Image Credit: Penguin Books
Have you been intimidated by English? Do you find yourself searching for words often while in conversation for fear of making a mistake? Then Manish Gupta promises to soothe all your fears about the language. I was intrigued about the book and immediately set about reading it. But before I go ahead, the summary as usual from the book jacket –
Is the English language your biggest nightmare? Until he decided to cheat and beat the system. Today he is a smooth talking banker and has written a unique English learning guide that is easy to read, super effective and hilarious. So, whether you’re a vernacular speaker, a GRE/GMAT/CAT/XAT aspirant or just a language nut, English Bites! will expand your vocabulary and improve your verbal ability.
Manish begins by giving a background on how he came to learn English with unbridled passion. While in school, students and teachers alike often slipped into the vernacular, which made it difficult to practice speaking the language. As a result there were multiple occasions where he would struggle to string sentences together without fumbling. When he joined Punjab Engineering College, he “came across several long suffering specimens of (his) species.” Alongside, he nurtured ambitions of getting accepted into universities in the US for which he would have to take various exams in which knowledge of English plays a big role.
In this way, by placing words and their stories in the context of his personal experiences, Manish packs quite a bit of information in these 300+ pages. I must say I learnt a few odd words but I was more fascinated by the history of words, concepts and even brands. How many of us know that Pepsi comes a Greek enzyme called ‘pepsin’ and that Coca-Cola is derived from its original principal ingredients which are cocaine and caffeine?
“Cocaine comes from the Peruvian coca leaf and caffeine from the West African kola nuts, hence the name Coca-Cola.”
Or that the word ‘eavesdropper’ comes from water dropping off the eaves of a roof?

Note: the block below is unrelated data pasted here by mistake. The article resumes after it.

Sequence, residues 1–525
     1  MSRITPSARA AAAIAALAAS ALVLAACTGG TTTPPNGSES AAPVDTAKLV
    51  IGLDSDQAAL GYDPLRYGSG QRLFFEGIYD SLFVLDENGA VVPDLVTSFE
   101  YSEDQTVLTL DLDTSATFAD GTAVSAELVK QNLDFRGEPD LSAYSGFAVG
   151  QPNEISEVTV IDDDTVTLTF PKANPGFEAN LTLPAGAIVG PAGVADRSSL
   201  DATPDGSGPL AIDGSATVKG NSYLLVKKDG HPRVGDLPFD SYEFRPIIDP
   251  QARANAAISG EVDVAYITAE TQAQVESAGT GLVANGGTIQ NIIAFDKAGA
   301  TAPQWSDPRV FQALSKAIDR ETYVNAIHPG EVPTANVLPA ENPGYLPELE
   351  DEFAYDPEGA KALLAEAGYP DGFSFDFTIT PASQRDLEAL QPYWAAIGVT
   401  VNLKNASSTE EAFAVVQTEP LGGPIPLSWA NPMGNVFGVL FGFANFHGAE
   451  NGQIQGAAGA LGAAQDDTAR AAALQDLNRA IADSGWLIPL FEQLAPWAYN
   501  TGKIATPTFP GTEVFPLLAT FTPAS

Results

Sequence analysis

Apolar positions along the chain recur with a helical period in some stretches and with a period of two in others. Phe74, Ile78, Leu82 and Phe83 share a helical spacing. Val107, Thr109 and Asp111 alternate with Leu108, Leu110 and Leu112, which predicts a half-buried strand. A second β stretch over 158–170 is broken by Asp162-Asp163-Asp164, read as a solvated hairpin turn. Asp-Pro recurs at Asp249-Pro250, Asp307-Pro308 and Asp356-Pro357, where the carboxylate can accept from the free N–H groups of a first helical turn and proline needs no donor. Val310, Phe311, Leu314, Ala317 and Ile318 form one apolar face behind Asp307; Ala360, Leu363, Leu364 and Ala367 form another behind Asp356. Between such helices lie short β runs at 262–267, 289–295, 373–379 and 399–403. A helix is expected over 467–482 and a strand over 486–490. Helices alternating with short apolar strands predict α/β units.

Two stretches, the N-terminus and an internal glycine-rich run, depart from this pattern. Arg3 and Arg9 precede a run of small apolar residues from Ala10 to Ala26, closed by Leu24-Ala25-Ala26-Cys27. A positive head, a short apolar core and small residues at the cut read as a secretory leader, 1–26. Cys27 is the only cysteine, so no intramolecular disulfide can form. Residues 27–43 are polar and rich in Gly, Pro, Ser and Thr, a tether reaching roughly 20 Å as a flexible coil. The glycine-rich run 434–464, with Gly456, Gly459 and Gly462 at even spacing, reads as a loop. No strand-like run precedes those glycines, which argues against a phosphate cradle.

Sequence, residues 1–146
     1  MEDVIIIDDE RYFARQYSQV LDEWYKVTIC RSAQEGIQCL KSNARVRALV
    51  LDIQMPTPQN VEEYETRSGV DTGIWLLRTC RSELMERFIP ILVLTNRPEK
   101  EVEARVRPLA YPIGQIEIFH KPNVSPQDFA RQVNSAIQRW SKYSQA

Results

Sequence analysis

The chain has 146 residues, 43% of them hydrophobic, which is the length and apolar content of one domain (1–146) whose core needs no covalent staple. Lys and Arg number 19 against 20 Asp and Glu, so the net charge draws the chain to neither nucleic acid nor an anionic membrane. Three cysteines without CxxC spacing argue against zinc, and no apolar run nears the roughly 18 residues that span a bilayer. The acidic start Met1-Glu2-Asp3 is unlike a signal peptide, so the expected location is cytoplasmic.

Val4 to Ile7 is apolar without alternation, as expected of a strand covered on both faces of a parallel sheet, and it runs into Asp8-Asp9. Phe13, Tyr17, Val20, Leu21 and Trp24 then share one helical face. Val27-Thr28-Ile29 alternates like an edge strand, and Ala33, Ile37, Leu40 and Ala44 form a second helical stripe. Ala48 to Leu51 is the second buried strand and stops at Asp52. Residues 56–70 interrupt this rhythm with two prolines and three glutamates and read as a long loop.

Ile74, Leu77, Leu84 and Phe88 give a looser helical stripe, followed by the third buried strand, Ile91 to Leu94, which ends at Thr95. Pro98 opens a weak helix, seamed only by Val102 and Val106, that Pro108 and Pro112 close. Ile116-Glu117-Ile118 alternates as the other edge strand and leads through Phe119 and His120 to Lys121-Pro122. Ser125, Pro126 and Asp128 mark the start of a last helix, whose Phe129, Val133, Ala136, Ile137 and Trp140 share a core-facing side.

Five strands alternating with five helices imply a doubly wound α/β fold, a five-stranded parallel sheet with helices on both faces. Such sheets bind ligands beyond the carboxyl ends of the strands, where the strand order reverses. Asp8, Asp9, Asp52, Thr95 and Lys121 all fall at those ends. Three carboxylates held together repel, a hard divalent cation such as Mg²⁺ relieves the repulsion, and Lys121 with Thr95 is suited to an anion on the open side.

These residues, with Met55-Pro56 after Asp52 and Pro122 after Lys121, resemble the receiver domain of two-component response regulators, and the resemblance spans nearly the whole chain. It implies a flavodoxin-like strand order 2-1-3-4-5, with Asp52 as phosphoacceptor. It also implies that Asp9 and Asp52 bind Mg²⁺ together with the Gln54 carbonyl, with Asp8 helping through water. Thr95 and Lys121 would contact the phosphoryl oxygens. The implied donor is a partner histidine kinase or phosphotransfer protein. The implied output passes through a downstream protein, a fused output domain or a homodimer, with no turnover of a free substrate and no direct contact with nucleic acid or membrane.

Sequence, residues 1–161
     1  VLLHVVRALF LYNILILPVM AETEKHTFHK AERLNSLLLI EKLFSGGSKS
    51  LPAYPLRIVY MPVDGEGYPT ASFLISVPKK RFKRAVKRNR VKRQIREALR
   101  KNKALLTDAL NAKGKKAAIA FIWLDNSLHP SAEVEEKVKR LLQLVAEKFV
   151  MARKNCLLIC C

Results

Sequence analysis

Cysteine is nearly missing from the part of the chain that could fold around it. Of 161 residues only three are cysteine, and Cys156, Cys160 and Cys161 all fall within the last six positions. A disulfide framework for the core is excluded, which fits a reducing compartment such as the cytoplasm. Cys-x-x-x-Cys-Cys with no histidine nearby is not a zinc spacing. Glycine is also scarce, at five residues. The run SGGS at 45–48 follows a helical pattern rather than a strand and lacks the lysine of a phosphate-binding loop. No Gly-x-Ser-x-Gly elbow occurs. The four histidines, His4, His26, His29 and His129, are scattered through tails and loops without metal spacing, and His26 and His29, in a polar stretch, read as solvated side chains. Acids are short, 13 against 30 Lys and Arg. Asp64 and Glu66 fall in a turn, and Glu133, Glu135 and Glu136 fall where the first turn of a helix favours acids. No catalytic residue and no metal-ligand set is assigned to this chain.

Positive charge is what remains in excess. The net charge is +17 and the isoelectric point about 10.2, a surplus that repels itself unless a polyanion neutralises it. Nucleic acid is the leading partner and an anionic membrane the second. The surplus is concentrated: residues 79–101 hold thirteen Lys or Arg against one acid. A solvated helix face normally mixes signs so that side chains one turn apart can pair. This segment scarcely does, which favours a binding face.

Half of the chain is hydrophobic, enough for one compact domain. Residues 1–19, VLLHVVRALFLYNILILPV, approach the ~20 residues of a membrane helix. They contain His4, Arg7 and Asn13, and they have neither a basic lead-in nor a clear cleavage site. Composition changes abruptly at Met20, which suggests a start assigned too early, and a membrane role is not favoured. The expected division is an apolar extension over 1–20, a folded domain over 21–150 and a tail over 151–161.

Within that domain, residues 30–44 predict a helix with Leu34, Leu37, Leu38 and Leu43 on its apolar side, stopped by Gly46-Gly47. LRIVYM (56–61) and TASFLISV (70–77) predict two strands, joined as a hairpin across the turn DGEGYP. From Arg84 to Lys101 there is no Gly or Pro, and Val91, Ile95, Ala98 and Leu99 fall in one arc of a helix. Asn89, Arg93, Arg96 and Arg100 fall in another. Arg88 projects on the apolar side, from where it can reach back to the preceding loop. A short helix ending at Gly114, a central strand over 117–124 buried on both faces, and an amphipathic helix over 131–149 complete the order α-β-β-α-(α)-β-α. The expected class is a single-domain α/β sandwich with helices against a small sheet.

“…the story goes that, centuries ago, houses in England didn’t have any facility to dispose of rainwater falling from the roof. For fear of water dripping into the very foundations, the roofs were made with wide overhangs, called ‘eaves.’ So, the first ‘eavesdroppers’ literally stood in the shelter of those overhangs to overhear private conversations.”
Yet, as much as I relished these tidbits of information, I felt the pace of the book beginning to slow down incredibly. It began to shrink into a compendium of random facts, words and ideas that were very loosely held together by events in Manish’s life.
It was then that I realized that my approach to the book was wrong. I was expecting the satisfaction of reading a novel but this book is aimed at people who are looking to hone their knowledge of English. Looked at from that angle, it’s more than satisfactory because Manish nudges the curiosity of the reader rather than bore him/her with plain vanilla explanations. Manish includes words that can be classified in the range of easy to intermediate and even gives the meanings of these words right on the same page. So, if you fall within this audience then by all means give it a read. If not, read it not as a novel on a continuous basis but as a book of facts that can be read bit by bit.
Last but not the least, thanks much to Manish for sending us this book for review!
Verdict: A lighthearted and less dry version of “Word Power Made Easy.”
Rating: I won’t give a rating because there is no story/writing/plot to evaluate.